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IDF Reserve Soldiers Can Now Use Medical Marijuana

Earlier this month, an Israeli startup, Syqe Medical Ltd., announced its development of a tiny inhaler that will allow patients new to medicinal marijuana to reap the drug’s various benefits, without ever having to get high.

In an interview with the Wall Street Journal, CEO and founder of the company Perry Davidson explained that Israel is at the “forefront” of the medical marijuana industry, an industry that has been thriving for nearly the past decade, with new strands being developed there that have immense medicinal potential, strands that Canadians and Americans are only now beginning to have access to. Concerning the former, one Canadian company in particular, MedReleaf, has been exposed to the breadth of Israel’s extensive research, after partnering with the country’s most promising medicinal marijuana facility, Tikkun Olam.

Thanks to facilities such as Tikkun Olam, and as Israel maintains its commitment to this sector as a viable drug industry with numerous benefits for patients, the Israel Defense Forces announced Monday that they will allow all reserve soldiers who have a prescription for medical marijuana to continue on with their medication, even during their reserve duties.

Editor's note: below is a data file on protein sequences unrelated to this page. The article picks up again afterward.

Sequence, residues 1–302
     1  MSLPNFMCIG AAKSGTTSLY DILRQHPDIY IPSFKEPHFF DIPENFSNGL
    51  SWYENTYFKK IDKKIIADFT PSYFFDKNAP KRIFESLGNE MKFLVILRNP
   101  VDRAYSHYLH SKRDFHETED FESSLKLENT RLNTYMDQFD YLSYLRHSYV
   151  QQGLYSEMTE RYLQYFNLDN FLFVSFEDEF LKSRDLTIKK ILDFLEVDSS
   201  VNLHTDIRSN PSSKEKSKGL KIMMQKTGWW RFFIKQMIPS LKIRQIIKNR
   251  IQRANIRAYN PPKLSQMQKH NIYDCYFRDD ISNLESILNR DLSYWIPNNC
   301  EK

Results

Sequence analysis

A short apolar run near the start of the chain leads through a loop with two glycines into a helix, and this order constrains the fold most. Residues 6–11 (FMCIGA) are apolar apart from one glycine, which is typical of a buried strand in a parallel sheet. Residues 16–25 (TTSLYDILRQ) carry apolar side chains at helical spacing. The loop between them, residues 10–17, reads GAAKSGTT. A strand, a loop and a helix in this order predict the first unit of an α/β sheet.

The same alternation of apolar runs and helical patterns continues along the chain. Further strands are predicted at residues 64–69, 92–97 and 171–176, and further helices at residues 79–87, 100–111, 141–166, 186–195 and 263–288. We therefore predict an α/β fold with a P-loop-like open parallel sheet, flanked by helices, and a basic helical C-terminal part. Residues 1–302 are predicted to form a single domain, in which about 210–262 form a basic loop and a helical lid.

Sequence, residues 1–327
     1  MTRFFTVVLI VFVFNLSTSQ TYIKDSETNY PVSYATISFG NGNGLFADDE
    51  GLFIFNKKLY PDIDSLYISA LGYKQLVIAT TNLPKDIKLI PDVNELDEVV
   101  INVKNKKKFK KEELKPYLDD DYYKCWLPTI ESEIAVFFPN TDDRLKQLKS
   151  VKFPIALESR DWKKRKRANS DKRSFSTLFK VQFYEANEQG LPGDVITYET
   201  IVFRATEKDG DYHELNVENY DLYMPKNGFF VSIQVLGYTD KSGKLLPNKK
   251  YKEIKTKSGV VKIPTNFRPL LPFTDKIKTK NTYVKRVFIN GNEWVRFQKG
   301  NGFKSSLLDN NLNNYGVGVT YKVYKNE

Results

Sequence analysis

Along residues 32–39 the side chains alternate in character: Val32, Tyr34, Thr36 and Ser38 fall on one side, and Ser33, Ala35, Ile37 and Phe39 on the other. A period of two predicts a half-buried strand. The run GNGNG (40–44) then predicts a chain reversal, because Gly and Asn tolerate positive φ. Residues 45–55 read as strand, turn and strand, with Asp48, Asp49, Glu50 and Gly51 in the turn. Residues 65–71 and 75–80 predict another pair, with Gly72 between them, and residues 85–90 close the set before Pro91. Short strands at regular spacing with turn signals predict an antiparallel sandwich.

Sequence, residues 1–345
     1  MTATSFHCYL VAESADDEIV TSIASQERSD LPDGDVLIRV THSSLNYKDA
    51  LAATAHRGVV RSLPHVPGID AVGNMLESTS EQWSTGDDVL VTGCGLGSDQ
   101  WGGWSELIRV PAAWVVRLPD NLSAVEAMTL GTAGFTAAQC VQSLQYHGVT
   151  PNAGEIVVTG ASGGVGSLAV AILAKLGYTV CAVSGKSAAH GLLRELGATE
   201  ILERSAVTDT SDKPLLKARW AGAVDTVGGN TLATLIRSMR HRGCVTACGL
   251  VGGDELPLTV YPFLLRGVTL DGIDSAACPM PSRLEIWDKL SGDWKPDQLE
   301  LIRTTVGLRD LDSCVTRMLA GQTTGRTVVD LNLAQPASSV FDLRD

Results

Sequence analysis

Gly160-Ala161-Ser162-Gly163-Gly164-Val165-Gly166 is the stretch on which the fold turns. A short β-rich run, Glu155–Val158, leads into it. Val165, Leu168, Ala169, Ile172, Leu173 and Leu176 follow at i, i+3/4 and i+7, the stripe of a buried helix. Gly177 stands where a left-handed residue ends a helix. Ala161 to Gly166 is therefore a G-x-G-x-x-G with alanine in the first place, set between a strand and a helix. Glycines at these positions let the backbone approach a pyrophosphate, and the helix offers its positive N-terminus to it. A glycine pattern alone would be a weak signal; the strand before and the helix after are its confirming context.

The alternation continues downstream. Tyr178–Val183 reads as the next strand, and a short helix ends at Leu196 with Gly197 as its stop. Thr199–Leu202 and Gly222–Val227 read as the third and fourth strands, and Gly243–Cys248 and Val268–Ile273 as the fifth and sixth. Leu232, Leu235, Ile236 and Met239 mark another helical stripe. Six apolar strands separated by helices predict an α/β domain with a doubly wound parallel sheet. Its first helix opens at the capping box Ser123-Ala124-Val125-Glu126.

While the decision will only apply to a few hundred soldiers, the IDF has left multiple questions still unanswered, including if soldiers will be able to use marijuana out in the open, around other soldiers, etc.

“Medical cannabis is given to treat various diseases under the civilian system,” the IDF mentioned, adding that the conditions of participating in reserve duty are based on “medical condition, not on cannabis consumption.”

Neil Closner, CEO at MedReleaf, believes, just like Davidson, that while he doesn’t have direct insight into the IDF’s decision making process, it most likely has to do with Israel being at the “forefront” of this blossoming industry.

“Israel has always been at the forefront of the investigation of medical cannabis and we commend the IDF for making this historic decision,” he says. “As research evidence continues to increase in this area, it is becoming more and more apparent that cannabis does indeed have positive benefits for patients with a number of health ailments, including PTSD. Here at MedReleaf, we have a number of patients with PTSD and they uniformly report significant improvement of their condition through the use of cannabis.”

Closner also explains Israel’s “instructive role” in the “reasonable regulation of medical cannabis,” one that “other nations of the world should follow.”

By daniel Koren
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